The image below demonstrates another cloud problem. The clouds, especially storm clouds, can themselves have a wide dynamic range…from almost black to pure white. Again, the Low Active D-Lighting setting on the Coolpix did the clouds well, while leaving the landscape just a shade dark.

The shot below really pushes the boundaries. The shaft of sun passing through the dark cloud mass on the upper right, with the bright white clouds framing it, contrasts dramatically with dark blue-grey of storm clouds. Low Active D-Lighting managed to catch the full range in the clouds, but the landscape was considerably too dark and muddy. Cropping out the landscape entirely would have changed the composition, removing all sense of scale…not what I wanted. To save the landscape I used the Graduated Filter Effect in Lightroom. Lightroom allows you to pull a GFE in from any edge (or corner for that matter) of an image and apply Exposure, Brightness, Contrast, Clarity, Saturation, and Sharpness effects gradually, with the darkest (strongest) effects at the trailing edge of the filter and the lightest (weakest) effects at the leading edge. The effect is very like a physical graduated filter over the lens of a DSLR, except that a physical filter only changes exposure.

For this image I pulled the GFE up from the bottom of the image to about 1/3 of the way and added Brightness, Clarity, and Saturation. It also required some selective color adjustment as the cloud shadows were too blue.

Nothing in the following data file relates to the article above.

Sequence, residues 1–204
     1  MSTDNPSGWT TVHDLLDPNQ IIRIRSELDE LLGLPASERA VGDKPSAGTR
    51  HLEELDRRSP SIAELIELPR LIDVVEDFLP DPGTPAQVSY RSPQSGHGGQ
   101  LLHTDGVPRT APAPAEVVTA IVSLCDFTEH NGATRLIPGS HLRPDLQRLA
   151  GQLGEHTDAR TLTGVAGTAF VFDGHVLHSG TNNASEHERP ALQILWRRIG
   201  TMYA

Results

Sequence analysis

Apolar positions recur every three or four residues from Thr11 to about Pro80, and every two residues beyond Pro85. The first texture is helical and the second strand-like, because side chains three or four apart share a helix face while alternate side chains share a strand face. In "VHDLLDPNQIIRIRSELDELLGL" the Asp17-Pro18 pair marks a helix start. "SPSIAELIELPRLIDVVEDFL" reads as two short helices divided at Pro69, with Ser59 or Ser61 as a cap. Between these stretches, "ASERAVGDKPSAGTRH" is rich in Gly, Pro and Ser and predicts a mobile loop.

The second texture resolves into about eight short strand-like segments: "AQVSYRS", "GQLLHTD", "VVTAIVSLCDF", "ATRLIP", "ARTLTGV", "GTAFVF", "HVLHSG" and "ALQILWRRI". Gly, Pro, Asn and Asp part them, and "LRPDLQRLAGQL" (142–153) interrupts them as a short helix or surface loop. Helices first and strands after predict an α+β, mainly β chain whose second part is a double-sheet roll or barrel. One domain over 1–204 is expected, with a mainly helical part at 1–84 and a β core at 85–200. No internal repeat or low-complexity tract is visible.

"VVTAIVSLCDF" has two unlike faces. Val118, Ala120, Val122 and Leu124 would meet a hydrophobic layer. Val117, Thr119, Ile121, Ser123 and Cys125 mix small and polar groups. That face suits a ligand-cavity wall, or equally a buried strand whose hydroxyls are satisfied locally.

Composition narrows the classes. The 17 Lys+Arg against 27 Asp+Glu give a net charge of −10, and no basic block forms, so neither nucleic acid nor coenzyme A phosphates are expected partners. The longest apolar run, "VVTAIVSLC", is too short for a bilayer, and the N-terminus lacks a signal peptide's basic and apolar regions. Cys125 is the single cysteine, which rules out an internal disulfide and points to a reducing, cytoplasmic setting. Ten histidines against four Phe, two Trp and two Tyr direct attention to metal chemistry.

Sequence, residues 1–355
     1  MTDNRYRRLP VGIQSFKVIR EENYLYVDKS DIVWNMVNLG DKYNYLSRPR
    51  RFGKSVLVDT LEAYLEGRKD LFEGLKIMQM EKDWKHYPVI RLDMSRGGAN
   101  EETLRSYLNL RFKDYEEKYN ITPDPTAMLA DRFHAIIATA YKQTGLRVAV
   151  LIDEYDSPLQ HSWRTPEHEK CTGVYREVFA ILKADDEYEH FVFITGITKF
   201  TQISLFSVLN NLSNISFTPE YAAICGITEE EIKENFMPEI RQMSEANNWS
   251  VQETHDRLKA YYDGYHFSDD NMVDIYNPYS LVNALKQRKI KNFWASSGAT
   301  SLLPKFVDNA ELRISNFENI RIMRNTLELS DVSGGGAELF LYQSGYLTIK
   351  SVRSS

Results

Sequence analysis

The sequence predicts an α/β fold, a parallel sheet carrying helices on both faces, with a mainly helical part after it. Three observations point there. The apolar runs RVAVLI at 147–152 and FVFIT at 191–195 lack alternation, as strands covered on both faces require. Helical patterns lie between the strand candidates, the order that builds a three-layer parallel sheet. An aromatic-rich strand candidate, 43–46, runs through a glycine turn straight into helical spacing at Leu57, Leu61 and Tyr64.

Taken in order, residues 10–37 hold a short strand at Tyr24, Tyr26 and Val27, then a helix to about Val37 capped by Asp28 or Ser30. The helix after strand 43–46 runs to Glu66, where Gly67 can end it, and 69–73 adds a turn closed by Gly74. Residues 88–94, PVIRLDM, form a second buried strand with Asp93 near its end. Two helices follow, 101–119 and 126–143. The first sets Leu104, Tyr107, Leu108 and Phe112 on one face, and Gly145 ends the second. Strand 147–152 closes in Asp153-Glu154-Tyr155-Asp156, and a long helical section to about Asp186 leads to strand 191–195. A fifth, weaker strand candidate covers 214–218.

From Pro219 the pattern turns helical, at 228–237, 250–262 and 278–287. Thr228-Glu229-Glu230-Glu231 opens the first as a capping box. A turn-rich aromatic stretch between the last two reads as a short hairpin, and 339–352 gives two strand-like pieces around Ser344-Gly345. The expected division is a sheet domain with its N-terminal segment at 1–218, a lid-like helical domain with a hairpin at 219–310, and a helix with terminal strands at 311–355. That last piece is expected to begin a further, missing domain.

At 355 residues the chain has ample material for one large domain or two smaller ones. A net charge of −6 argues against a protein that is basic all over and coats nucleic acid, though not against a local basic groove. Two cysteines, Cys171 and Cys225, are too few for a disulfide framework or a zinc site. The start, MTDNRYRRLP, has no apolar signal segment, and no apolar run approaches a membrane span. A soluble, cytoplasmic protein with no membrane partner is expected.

In the image below, I used several techniques. Active D-Lighting in camera, then a GFE from the bottom in Lightroom to bring up the foreground. Two areas of burnt-out pure white remained…one on the upper left and one about 1/3rd down and 1/5th in from the top left corner. Pure featureless white. Ugh.

I used another Lightroom tool…the Local Adjustment Brush…to paint on a mask that reduced the Brightness and Exposure of those areas slightly. Doing so brought up at least a little texture, and filled the “holes” in the cloud with something other than white. I know where they are. Can you find them? And did you notice them before I told you they were there?

The next image is perhaps the most difficult from the afternoon.

This is my first attempt, selected from 3 exposures made at the time, using different levels of Active D-Lighting. This shot was the High setting. The clouds are certainly dramatic, but the foreground was seriously dark and without much color at all. Application of a GFE using a combination of Exposure, Brightness, Contrast, and Saturation, along with some Color Temperature adjustment, brought out some green in the foreground. Because the clouds were full of noise, I had to apply noise reduction over the whole image.